What Happens After a Home Buyer's Offer is Accepted?
The Process is Just Getting Started
When you initially sign a purchase offer, you might not think ahead about what happens after a home buyer's offer is accepted. You're likely just anxious and patiently hoping for good news.
When your agent finally does call, you might hear the tinge of excitement in your real estate agent's voice as they tell you that your purchase offer has been accepted by the seller. No matter how many times an agent delivers this news to a home buyer, it's always a thrill for the agent. It's probably a big relief for you, too, to hear that you got the house you wanted, and all those waves of anxiety may seem to dissipate. It's hard to be patient and wait for such important news.
So, go ahead, pour the chilled champagne and go out to dinner to celebrate. Come the following day, nobody wants to burst this bubble of excitement, much less your agent, but the fact is you're not quite there yet. Now the real fun begins.
Depending on where you live, in many parts of the country, your home buying process is just getting started. You may have a home inspection to complete, and perhaps you will conduct other types of inspections. Your lender will order an appraisal and start processing the loan. All of these things could morph into some form of a renegotiation or adjustments to your transaction, including not buying the home at all by canceling the sale.
You might think that you need your agent solely to help with the initial negotiations, but there are often challenges that can crop up all the way to closing that require finessing.
Your real estate agent's help and guidance really pays off for you after the purchase offer is accepted. You might not even notice what your agent is doing behind the scenes or how your agent is helping you.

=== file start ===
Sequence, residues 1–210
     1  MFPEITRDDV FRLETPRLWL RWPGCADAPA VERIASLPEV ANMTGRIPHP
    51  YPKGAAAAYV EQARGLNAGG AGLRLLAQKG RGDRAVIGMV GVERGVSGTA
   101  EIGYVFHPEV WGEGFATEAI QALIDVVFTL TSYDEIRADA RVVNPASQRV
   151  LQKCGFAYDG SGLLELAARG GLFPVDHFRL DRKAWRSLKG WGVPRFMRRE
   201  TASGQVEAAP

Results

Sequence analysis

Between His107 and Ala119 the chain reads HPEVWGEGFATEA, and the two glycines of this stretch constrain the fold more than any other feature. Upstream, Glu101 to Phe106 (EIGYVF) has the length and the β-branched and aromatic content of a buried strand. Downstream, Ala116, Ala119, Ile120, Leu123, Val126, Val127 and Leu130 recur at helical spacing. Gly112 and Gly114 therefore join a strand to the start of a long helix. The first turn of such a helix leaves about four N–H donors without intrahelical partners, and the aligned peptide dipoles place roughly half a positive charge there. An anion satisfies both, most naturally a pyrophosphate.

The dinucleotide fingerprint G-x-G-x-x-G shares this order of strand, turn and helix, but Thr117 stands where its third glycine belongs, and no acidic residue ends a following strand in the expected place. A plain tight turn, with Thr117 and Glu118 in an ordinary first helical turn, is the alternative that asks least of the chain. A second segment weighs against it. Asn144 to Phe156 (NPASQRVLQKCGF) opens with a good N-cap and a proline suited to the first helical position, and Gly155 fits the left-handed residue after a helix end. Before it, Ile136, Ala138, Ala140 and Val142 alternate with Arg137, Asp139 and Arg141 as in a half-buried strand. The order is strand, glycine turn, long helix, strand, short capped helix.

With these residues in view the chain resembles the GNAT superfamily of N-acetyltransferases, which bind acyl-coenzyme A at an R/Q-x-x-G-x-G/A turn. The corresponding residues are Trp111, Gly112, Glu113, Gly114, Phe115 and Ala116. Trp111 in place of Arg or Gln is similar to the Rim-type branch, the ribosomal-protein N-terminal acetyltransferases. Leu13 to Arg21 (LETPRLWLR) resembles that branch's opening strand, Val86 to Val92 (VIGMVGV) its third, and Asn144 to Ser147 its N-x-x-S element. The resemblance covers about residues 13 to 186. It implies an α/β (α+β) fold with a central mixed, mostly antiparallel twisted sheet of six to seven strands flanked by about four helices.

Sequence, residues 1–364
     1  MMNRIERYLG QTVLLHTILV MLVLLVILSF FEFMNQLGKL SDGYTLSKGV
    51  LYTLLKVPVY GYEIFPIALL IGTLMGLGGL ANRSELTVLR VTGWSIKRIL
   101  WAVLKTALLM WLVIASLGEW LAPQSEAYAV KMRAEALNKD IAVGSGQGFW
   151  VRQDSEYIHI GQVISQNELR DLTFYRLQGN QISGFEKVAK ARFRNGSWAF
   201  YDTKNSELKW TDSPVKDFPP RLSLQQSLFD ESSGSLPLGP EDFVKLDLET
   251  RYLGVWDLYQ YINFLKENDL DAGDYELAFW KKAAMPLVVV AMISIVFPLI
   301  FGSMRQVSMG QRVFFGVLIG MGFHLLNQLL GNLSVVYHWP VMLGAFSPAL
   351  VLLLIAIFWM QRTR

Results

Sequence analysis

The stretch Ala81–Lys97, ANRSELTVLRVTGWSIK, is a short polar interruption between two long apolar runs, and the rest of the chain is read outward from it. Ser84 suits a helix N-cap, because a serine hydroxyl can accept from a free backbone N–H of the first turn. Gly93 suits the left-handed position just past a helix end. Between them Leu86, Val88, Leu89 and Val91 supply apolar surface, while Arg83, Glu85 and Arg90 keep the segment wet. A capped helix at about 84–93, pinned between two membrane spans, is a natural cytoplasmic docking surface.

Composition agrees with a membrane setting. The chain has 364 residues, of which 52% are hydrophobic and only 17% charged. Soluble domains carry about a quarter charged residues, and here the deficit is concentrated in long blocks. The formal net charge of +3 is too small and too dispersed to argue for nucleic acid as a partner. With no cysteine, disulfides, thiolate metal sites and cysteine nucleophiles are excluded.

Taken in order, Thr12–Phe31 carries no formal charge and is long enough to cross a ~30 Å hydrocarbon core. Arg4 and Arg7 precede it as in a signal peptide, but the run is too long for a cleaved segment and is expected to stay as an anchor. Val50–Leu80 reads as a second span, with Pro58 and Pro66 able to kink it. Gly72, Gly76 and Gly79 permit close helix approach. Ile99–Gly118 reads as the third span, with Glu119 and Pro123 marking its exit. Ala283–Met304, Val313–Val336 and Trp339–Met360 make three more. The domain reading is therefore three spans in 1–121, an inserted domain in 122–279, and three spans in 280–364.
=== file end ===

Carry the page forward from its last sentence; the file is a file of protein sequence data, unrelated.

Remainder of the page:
Buyers can help to make the process smoother too. Don't change your finances. Period.
For starters, do not buy a car, do not make any major purchases, try not to add additional debt to any credit cards and, above all, this does not go without saying: do not quit your job. It's important not to alter your personal financial situation during this time. Hang tight for a month or two to focus on closing your transaction.
3 Things That Can go Wrong After a Purchase Offer is Accepted
The good news is experienced agents deal with these issues every single day. You should be able to rely on your agent to help you get through the things that can go wrong after your purchase offer is accepted. Then, when it closes, you truly have reason to celebrate.
1. Be prepared to walk away from buying the home if you discover major defects that cannot be addressed in a satisfactory manner to you.
You don't know what could be wrong with that home until you hire a professional home inspector. Talk to your real estate agent about the types of repairs, if any, a seller might agree to complete. Most homes are sold in an "as is" condition, and sellers are not always required to make any repairs at all.
2. Be prepared to walk away from the home if you cannot obtain the type of financing you were qualified to get and the new terms are unacceptable.
Just because you are holding a pre-approval letter in your possession does not mean you are qualified to buy the home. Sorry. Only an underwriter has the final say about your qualifications. Your lender can make mistakes by initially relying on verbal information that might not verify in the real world. You might not know if your loan will be approved until just days before you are ready to close. This can be very stressful.
3. Be prepared to walk away from buying the home if your appraisal is not high enough to justify the sales price the seller has accepted because there is no guarantee the seller will lower the sales price if the appraisal is low.
You might not want to pay the difference in cash. While you can ask a seller to lower the sales price to meet the appraised value, some sellers might prefer not to sell under those circumstances. Not every seller will be agreeable to working with you after a low appraisal.
At the time of the initial writing of this story, Elizabeth Weintraub, BRE # 00697006, was a Broker-Associate at Lyon Real Estate in Sacramento, California.